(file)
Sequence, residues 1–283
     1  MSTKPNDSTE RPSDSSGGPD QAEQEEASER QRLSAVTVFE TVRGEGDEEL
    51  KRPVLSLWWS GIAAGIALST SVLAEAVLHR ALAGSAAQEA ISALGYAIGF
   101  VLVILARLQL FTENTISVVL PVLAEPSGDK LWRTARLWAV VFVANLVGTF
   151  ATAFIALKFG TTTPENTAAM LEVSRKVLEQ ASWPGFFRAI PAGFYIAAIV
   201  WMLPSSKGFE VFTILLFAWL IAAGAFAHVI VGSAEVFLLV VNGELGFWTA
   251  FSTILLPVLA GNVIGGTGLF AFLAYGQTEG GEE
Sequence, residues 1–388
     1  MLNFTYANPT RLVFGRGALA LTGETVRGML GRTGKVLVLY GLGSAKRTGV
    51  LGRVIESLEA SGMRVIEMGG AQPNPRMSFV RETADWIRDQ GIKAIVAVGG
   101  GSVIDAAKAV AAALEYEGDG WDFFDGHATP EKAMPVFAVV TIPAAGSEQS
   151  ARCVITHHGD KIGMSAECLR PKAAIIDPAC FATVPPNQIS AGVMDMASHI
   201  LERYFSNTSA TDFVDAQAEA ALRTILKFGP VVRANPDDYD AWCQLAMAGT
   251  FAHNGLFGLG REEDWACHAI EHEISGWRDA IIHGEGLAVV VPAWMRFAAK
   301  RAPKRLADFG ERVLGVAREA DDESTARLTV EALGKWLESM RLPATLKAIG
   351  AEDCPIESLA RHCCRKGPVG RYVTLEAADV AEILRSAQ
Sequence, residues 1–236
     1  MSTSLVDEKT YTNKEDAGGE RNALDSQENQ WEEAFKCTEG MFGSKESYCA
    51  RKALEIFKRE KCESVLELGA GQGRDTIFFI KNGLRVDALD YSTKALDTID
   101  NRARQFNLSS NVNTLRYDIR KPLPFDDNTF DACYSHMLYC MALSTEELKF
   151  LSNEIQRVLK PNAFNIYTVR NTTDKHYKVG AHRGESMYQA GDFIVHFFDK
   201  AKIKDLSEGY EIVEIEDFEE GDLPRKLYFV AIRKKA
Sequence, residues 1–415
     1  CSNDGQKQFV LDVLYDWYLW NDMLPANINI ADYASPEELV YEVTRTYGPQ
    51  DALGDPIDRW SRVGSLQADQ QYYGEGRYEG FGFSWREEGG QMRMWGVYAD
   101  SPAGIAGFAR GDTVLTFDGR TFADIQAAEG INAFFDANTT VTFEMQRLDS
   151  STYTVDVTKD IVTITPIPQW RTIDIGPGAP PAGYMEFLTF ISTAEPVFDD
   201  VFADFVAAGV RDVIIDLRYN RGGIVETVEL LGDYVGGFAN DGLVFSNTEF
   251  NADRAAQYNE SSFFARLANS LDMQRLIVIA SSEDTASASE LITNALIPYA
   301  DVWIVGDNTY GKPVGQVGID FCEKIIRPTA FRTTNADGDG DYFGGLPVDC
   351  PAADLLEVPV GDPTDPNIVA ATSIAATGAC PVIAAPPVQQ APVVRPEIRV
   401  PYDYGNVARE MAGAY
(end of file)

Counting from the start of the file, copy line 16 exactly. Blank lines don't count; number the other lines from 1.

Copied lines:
   351  AEDCPIESLA RHCCRKGPVG RYVTLEAADV AEILRSAQ